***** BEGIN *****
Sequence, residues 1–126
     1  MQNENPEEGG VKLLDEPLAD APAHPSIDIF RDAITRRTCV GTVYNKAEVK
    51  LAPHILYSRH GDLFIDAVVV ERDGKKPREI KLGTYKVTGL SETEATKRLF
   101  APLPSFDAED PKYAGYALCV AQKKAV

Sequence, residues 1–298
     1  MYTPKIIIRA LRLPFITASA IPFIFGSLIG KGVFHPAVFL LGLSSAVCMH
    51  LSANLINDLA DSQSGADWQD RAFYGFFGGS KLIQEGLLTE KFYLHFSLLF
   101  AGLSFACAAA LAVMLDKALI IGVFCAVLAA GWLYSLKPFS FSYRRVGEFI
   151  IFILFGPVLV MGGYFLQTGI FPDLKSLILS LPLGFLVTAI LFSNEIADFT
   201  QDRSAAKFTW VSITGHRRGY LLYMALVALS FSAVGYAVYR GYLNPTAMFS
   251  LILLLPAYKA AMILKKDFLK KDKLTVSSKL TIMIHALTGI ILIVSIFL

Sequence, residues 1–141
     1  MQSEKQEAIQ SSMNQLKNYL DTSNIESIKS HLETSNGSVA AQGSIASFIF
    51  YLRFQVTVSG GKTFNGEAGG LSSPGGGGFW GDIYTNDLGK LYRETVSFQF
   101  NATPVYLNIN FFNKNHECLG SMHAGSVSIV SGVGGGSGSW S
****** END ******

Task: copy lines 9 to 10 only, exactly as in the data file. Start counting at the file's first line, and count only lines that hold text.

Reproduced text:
   151  IFILFGPVLV MGGYFLQTGI FPDLKSLILS LPLGFLVTAI LFSNEIADFT
   201  QDRSAAKFTW VSITGHRRGY LLYMALVALS FSAVGYAVYR GYLNPTAMFS